Non-Human Primate Model for Stroke
OHSU # 1219
The current technology describes a stroke model in the rhesus macaque. The current transorbital approach to model stroke is one that has been successfully used in macaques, squirrel monkeys and baboons with some unique procedural modifications in the current model. Knowledge of the vascular incongruity in rhesus macaques compared to humans led these researchers to test this new model of arterial occlusion.
Strokes in non-human primate models would mimic the human condition more closely if they were located in the cortex of the brain. The current model involves a substantial portion of the cortex of the ischemic hemisphere. The stroke infarct is located in the cortex with very minimal involvement of the deeper structures of the brain. It is thought that the cortex is the most amenable to therapeutic treatment and therefore this model could be used to screen neuroprotectants prior to testing in human clinical trials.
Strokes also cause a defined response in the blood of human patients characterized by lymphocytopenia and an increase in the number of circulating neutrophils and monocytes. As a means of corroborating that this model causes changes in the periphery representative of human stroke, the investigators found pronounced lymphocytopenia, neutrophilia, and an increase in the number of circulating monocytes, which mirrors the response seen in humans and further validates this new stroke model.
Over 700,000 Americans each year suffer a new or recurrent stroke. Stroke kills more than 150,000 people a year in the United States. In 2004, the number of total events in the major markets of the world exceeded 1.4 million and that number is expected to grow. Stroke is the third leading cause of death in the major markets of the world, behind diseases of the heart and cancer. It is estimated that Americans will pay about $65.5 billion in 2008 for stroke-related medical costs and disability.
A similar stroke model exists in the closely related cynomolgus monkey (Macaca fascicularis) which has been used as a model to assess the efficacy of potential stroke therapeutics. However, in this model the cortical infarct which is typically generated has the volume of 1ml, less than 5% of the total ipsilateral hemisphere. In comparison, the current model induces cortical infarcts which involved ~21-30% of the total ipsilateral hemisphere which allows latitude for infact size to be increased or decreased depending on the negative or positive effect of a drug candidate being tested.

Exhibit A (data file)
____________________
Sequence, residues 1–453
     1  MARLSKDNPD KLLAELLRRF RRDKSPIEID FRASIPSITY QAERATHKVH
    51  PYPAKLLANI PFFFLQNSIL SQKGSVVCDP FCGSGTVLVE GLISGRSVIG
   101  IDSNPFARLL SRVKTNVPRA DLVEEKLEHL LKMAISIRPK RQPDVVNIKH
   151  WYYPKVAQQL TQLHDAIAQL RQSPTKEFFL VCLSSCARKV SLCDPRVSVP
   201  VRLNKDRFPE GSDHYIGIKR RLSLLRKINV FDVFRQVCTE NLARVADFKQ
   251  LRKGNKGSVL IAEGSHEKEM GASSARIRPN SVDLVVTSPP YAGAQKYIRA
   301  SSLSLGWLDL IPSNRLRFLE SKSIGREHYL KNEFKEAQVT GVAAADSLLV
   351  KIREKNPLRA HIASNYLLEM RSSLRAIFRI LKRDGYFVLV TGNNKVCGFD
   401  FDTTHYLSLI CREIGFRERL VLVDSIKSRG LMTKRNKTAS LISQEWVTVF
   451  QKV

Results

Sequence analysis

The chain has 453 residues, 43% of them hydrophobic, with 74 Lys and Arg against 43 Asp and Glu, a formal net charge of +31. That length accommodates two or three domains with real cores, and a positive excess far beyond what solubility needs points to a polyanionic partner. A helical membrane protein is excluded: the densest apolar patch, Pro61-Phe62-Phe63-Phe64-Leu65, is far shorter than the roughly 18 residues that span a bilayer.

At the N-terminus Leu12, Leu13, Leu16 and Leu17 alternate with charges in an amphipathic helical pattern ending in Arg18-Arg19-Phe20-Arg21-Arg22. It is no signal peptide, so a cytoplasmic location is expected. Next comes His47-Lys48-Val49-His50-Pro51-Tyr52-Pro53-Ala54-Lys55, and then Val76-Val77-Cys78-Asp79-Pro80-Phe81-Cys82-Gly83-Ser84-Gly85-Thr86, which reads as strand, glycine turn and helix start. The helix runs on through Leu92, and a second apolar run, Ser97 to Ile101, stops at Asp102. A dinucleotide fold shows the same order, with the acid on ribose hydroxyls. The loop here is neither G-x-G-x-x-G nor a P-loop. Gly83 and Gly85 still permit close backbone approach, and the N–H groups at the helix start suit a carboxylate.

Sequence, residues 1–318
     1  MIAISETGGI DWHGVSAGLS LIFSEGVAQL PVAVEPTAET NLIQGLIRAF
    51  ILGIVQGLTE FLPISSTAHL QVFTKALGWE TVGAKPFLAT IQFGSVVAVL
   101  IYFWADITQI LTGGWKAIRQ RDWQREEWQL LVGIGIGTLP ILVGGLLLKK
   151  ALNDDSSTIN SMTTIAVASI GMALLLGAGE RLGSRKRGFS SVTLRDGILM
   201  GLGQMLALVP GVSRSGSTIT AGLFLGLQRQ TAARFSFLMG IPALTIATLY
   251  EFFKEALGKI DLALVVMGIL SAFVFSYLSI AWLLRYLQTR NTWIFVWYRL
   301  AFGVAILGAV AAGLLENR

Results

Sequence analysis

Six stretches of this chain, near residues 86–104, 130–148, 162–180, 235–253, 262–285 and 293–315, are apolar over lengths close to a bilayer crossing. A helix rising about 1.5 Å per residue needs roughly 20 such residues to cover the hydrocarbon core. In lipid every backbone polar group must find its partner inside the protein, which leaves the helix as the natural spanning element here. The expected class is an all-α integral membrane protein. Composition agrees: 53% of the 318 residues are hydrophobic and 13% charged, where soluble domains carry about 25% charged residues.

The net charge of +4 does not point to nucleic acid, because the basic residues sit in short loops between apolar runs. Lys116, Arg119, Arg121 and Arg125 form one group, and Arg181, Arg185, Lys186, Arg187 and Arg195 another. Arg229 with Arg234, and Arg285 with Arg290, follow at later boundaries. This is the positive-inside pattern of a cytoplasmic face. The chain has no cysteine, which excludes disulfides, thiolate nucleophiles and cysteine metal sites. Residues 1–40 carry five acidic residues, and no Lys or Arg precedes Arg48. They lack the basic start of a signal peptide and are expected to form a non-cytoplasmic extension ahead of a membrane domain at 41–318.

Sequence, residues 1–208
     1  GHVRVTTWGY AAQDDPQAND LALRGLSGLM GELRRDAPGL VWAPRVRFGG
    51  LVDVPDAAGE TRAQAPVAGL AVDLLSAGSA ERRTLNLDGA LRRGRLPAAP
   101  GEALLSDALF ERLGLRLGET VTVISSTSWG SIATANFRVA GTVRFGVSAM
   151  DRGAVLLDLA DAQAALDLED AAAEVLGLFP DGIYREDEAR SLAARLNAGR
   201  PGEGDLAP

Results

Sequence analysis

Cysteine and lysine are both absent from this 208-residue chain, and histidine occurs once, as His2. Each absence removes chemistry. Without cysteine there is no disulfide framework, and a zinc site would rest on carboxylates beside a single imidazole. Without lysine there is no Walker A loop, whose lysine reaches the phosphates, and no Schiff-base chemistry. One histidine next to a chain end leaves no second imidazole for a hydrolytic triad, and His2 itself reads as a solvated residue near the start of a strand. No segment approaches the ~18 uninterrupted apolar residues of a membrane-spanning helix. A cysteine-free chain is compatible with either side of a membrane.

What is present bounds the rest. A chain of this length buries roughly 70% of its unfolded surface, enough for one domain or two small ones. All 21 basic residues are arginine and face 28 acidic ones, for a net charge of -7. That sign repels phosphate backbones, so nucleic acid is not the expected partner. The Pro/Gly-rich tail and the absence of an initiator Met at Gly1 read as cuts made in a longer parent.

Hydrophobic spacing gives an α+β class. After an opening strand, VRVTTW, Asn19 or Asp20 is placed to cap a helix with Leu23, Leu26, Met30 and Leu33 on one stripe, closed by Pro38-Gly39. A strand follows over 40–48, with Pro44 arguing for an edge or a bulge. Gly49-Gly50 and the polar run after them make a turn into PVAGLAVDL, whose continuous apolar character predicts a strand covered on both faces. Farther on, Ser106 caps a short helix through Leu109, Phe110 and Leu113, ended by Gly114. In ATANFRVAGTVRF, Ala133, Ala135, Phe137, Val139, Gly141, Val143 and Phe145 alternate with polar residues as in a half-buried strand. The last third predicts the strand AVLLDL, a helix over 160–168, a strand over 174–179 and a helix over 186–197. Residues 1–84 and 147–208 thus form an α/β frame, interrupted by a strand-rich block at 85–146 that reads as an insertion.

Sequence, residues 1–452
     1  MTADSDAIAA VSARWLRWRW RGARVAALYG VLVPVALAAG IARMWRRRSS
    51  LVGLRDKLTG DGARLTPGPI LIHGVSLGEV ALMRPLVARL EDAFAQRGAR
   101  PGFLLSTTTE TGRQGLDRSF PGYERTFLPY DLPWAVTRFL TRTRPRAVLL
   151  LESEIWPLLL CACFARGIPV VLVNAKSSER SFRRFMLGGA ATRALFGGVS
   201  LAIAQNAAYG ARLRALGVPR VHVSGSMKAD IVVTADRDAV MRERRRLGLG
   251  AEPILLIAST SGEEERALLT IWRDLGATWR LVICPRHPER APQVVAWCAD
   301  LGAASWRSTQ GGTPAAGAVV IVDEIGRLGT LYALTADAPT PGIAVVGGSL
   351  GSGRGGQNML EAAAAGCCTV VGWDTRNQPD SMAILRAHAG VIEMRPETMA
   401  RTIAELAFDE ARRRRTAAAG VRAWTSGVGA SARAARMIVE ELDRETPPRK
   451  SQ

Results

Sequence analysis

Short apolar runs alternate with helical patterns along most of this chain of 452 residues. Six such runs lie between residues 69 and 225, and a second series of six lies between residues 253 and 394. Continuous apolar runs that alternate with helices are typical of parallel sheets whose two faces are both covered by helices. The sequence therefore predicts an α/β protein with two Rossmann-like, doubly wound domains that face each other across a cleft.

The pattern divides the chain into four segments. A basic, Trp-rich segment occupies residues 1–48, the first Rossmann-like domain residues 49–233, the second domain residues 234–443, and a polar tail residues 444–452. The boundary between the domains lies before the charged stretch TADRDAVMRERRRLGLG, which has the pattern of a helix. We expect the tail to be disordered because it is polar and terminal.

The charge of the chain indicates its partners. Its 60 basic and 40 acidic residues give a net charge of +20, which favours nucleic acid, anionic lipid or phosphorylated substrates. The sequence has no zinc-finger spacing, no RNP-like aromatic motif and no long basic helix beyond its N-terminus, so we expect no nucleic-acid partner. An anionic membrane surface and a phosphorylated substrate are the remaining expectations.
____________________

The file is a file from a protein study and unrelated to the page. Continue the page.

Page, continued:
Dr. Stenzel-Poore received her Ph.D. in Immunology from Oregon Health & Science University in 1986. She conducted post-doctoral research at Oregon Health & Science University and The Salk Institute for Biological Studies. Following her post-doctoral fellowships, she returned to Oregon Health & Science University in 1993 and is currently a Professor and Interim Chair in the Department of Molecular Microbiology and Immunology.
Dr. West received his Ph.D. from the University of Virginia in 1984 and his M.D. from the University of Virginia in 1989. He conducted post-graduate training at the University of Washington and the University of London – St. George Medical School. He has held assistant professorships at the University of Texas Health Science Center and the University of Washington Harborview Medical Center. Most recently Dr. West was an Associate Professor at Oregon Health & Science University. He is currently a board certified neurological surgeon at the Colorado Brain and Spine Institute specializing in the broad range of micro-neurosurgery and minimally invasive neurosurgery.
Roger Simon joined Legacy Health System in 1999 as Director and Chair of the Robert S. Dow Neurobiology Laboratories. After completing undergraduate work at Penn State, he received his M.D. from Cornell University, did his clinical training at New York Hospital and UCSF, and was a post-doctoral fellow at The Maudsley Hospital in London. He was the Chief of Neurology at San Francisco General Hospital from 1981 to 1994, during which time he was also a professor of neurology at the University of California at San Francisco. Prior to joining Legacy, Dr. Simon was Professor and Chairman of the Department of Neurology at the University of Pittsburgh School of Medicine.
J Cereb Blood Flow Metab. 2009 Apr 22. [Epub ahead of print] “A new model of cortical stroke in the rhesus macaque”
The model is available for collaborative research and drug testing.
For more information, contact:
Director, Technology Transfer